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Just verified in my 06 XK Owners manual that the only engine that is recommend for 89 octane is the Hemi. They state that performance may suffer in the other two engines if higher than 87 octane is used. Page 301 I believe.
 

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From the Owner's Manual (2006):

FUEL REQUIREMENTS
3.7/4.7L Engines (If Equipped)


All engines (except 5.7L engines) are designed
to meet all emissions regulations
and provide excellent fuel economy and
performance when using high quality unleaded
“regular” gasoline having an octane
rating of 87. The use of premium
gasoline is not recommended. Under normal conditions,
the use of premium gasoline will not provide a benefit
over high quality regular gasolines, and in some circumstances
may result in poorer performance.


5.7L Engines (If Equipped)

The 5.7L engine is designed to meet all
emissions regulations and provide satisfactory
fuel economy and performance when
using high quality unleaded gasoline having an octane
range of 87 to 89. The manufacturer recommends the use
of 89 octane for optimum performance. The use of
premium gasoline is not recommended. Under normal
conditions, the use of premium gasoline will not provide
a benefit over high quality regular and mid-grade gasolines,
and in some circumstances may result in poorer
performance.

Light spark knock at low engine speeds is not harmful to
your engine. However, continued heavy spark knock at
high speeds can cause damage and immediate service is
required.

Poor quality gasoline can cause problems such as hard
starting, stalling and hesitations. If you experience these
symptoms, try another brand of gasoline before considering
service for the vehicle.
 

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Chrysler has a general TSB out for complaints about stalling and hard starting in cold weather with cold engines, the first line of the TSB is too ask the owner if they are using higher than recommended Octane Fuel. Higher Octane is less volatile, so it atomizes poorer in cold weather and makes it more difficult to burn, if you're engine is optimized to use a lower octane it could make a difference in cold weather with a cold engine.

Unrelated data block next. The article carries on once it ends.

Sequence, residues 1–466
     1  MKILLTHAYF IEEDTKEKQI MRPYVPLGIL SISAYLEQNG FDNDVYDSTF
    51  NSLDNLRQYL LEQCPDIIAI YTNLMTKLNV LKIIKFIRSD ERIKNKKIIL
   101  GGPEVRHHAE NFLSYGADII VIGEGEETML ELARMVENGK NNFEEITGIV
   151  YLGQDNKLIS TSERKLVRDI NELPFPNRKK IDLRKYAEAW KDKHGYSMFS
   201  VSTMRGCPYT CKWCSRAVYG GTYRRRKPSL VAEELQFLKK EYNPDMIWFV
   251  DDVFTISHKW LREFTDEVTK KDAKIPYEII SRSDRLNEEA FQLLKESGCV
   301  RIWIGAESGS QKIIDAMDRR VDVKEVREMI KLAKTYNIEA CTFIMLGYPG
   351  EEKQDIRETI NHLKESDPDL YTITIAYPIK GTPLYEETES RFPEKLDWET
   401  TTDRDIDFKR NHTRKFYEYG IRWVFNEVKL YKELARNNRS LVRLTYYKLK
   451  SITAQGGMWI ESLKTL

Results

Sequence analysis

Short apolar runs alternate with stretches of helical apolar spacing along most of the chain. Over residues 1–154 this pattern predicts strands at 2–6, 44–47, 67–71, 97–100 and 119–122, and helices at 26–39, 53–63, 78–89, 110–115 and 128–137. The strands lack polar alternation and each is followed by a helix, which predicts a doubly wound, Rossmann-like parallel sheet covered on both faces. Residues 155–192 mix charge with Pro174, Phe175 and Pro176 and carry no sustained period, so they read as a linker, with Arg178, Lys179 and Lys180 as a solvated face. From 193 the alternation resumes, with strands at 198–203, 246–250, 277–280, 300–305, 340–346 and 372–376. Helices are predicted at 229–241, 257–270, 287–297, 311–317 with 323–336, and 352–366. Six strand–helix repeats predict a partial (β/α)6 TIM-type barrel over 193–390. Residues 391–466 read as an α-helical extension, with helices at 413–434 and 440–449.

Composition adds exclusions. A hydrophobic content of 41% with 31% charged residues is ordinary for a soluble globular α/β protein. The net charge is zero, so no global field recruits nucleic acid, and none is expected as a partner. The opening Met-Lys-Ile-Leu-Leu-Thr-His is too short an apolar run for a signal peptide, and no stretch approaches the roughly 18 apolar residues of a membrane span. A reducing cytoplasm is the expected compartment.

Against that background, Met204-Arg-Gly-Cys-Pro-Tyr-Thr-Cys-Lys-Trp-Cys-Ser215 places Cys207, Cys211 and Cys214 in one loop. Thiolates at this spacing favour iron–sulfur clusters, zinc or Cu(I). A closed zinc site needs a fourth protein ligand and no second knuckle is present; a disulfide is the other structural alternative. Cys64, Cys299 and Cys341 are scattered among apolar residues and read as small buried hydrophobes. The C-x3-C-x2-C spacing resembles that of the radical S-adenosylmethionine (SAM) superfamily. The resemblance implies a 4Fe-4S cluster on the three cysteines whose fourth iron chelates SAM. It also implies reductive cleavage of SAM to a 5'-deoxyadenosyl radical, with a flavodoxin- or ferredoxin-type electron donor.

Other than that, using higher than recommended octane, by a few points really doesn't hurt, there is really no reason to spend the extra money. There is an argument, that using much higher octane fuel, like race or aviation gas (which some still have lead in them), will burn at a higher temp than the lower octane and might do engine damage. But if you're talking 87 octane is recommended and you put in 93 octane, you're NOT going to hurt anything except maybe harder starter in cold weather. But keep in mind, its NOT going to get you anything either, the engine will NOT make more power just because you put a higher octane in it.

Different mileage with different octanes? I've seen people claim to measure a difference in mileage using a different than recommended octane. Higher, I already mentioned, they are likely to have less oxygenated additives so it might be true, but doubtful it would offset the higher cost. I've seen some claim using lower than recommended octane in other vehicles produced better mileage, in some vehicles under certain conditions, like cooler air temps and lower air pressures, you can safely do this, personally I don't risk it. Likely, with some motors, the better atomization from the lower volatile fuel makes for a slight mileage improvement.

The engines that recommend multiple Octanes, the computer control allows that. Most engines are NOT very resistant to spark knock, the software is written to retard ignition for a few seconds when the knock sensor senses it. The PCM is assuming you're using the correct octane and the spark knock it sensed was a rare condition that it responded to prevent engine damage, it can go back to normal tune after that condition is cleared. In these engines, that recommend one octane, its very possible using a lower than recommended octane, the PCM's retarding of the ignition might NOT be enough to stop the spark knock and the spark knock will continue and damage the engine.

A few engines are tough enough that they can withstand a little spark knock, they write the software so that if spark knock is encountered, it will retard the ignition and engine tune for hours, assuming the owner has used lower octane fuel. That is why the Hemi, and couple other engines, will state you can choose between a higher or lower octane, but if you use the lower octane, you'll likely get less power.